All the answers posted are very good, and a more substantial contribution than I will make. I agree that in all likelihood, by the time the Seljuks came to town, the indigenous Anatolian languages were long gone, and it was all about the retreat of Greek and Armenian. But I was A2A’d.
So I’ll talk about Greek.
What do I know? I’ll draw on the survey in Modern Greek in Asia Minor; a study of the dialects of Siĺli, Cappadocia and Phárasa, with grammar, texts, translations and glossary : Dawkins, R. M. (Richard McGillivray), 1871-1955.
- The collapse of Greek language and Christianity in Western Asia Minor in the 13th century appears to have been quite rapid: a matter of generations.
- Though I haven’t seen solid evidence for this, it seems that the substantial Greek populations in the Western Asia Minor coast date from Ottoman times, with Greeks settling the coast from the nearby islands. The dialects of the coast are certainly close to those of the Aegean islands. Dawkins concurs, speaking of both settlement from the islands, and a wave of migration out of Greece in the 18th century.
- We know that Bithynia was resettled by both Greeks and Bulgarians in the 1500s–1600s. In fact, there was even a Tsakonian colony on the mouth of the Gönen river, which probably dates from the 1700s.
- I think the Greek population in European Turkey was continuous.
- The Greek population in the Pontus was continuous, and if anything expanded, with mining colonies reaching far into the Black Sea hinterland: Ak Dağ, Buğa Maden, Bereketli Maden, Nevşehir, Ürgüp, Keban Maden, and around Şebinkarahisar.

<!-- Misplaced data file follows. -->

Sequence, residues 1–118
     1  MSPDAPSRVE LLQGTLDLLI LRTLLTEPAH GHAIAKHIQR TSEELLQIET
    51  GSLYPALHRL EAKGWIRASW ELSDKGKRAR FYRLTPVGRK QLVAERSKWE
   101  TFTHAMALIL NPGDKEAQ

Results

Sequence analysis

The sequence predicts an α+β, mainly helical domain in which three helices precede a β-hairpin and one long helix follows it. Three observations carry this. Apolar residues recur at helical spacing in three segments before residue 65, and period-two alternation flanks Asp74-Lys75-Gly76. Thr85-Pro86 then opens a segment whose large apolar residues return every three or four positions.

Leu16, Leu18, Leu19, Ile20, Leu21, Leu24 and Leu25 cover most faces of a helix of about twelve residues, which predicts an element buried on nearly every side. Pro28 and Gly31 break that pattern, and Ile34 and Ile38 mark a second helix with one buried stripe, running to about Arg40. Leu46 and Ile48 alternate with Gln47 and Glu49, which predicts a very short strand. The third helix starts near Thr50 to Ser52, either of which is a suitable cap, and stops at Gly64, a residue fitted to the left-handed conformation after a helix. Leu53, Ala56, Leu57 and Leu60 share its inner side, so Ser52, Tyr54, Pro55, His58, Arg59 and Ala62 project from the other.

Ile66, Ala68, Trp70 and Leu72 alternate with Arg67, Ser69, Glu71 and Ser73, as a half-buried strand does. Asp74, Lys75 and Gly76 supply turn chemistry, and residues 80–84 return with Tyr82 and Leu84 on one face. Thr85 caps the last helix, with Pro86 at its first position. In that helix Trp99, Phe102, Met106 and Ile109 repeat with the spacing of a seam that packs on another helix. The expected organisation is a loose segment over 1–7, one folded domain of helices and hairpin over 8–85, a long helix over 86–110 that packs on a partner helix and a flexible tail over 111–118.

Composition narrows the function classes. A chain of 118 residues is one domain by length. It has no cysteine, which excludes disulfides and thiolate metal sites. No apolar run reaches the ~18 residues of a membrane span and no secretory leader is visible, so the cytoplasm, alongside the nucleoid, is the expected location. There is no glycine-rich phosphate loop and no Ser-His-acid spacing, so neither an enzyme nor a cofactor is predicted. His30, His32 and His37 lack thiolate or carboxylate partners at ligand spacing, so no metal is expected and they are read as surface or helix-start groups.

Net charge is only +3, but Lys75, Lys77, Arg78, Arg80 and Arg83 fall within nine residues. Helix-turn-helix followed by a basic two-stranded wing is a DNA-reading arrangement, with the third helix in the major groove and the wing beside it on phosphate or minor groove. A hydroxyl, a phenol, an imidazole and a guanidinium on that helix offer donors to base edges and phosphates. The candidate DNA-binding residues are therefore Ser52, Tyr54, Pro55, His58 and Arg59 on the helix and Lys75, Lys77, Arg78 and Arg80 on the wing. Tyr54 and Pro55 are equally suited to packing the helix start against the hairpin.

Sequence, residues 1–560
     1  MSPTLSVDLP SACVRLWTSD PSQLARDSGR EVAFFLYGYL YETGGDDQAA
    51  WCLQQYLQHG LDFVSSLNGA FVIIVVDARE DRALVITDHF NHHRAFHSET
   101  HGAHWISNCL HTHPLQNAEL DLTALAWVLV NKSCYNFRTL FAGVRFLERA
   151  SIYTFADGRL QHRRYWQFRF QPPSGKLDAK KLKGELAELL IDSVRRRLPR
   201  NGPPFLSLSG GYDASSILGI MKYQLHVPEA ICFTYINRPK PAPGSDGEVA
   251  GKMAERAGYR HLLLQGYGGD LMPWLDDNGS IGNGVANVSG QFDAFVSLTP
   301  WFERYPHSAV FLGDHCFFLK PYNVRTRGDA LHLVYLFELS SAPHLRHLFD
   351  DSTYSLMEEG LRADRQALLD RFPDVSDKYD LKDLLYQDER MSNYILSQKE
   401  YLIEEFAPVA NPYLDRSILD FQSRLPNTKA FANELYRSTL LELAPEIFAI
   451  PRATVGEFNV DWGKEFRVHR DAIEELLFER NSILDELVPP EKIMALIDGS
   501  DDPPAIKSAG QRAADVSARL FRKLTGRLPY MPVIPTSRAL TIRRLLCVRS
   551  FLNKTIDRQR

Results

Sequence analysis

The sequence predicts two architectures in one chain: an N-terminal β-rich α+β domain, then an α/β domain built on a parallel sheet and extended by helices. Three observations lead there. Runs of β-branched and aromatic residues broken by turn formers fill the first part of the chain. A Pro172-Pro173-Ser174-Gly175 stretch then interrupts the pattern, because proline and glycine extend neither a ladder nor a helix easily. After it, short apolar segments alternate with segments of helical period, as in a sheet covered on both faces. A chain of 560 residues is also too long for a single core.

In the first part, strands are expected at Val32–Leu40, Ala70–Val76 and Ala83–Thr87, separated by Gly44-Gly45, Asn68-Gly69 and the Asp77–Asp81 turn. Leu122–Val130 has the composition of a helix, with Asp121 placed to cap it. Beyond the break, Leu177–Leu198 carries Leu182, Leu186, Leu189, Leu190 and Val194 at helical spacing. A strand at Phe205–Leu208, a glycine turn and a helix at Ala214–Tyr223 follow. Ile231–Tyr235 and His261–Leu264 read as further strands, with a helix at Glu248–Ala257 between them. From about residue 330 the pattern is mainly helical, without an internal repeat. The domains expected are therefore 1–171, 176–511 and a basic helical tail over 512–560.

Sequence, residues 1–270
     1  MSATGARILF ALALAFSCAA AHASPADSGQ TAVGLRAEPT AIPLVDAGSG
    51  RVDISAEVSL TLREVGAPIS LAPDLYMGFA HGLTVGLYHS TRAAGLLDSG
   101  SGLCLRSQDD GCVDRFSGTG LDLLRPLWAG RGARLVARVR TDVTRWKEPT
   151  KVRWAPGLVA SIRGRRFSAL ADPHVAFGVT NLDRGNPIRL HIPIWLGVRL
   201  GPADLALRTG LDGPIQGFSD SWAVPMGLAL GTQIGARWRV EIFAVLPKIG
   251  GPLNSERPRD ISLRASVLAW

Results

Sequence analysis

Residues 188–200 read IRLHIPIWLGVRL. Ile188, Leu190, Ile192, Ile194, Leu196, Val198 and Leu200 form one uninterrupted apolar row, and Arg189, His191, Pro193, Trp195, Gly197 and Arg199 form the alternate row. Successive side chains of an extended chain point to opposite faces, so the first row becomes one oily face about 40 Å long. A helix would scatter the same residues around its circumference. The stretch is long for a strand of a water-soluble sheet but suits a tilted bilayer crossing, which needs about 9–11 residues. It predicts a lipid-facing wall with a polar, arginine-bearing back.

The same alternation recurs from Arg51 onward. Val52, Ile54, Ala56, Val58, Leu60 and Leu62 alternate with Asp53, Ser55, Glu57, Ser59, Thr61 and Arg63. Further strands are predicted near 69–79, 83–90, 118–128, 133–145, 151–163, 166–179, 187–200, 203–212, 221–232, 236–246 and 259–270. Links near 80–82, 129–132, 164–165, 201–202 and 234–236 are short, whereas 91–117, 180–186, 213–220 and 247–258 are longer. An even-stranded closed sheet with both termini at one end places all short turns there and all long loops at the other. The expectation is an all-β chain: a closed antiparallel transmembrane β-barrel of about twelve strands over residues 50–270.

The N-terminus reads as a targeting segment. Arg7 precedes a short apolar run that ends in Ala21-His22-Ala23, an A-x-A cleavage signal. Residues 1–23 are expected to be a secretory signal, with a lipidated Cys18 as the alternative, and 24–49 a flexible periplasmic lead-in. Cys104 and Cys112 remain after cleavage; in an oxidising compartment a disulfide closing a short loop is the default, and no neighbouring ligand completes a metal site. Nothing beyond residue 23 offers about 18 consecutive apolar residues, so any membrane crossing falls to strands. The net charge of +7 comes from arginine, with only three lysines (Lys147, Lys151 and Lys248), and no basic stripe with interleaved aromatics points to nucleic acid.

- There were two distinct regions where Cappadocian Greeks lived: 6 villages around Pharasa, and 20 villages in Western Cappadocia. The language had substantially retreated by the time Dawkins surveyed them in situ; most Christians in the region already spoke Turkish, and particularly in South Western Cappadocia (e.g. Ulağaç), the Greek spoken was heavily influenced by Turkish.
- There was isolated Greek-speaking communities in Livisi (Kayaköy near Fethiye), the town of Sille near Konya, and a dialect that had died out by 1900 in Gölde of Lydia (near Kula, Manisa).
Greek was vibrant in the Pontus; retreating in Cappadocia (and anecdotally the other remaining old settlements as well, with the possible exception of Livisi); and wiped out everywhere else in Anatolia though Turkification; the substantial Greek-speaking population in Western Asia Minor was the result of later resettlement.
I’m pretty sure this map from Wikipedia (File:Anatolian Greek dialects.png) is overstated for both Cappadocian and Mainstream Greek, but it’s a start: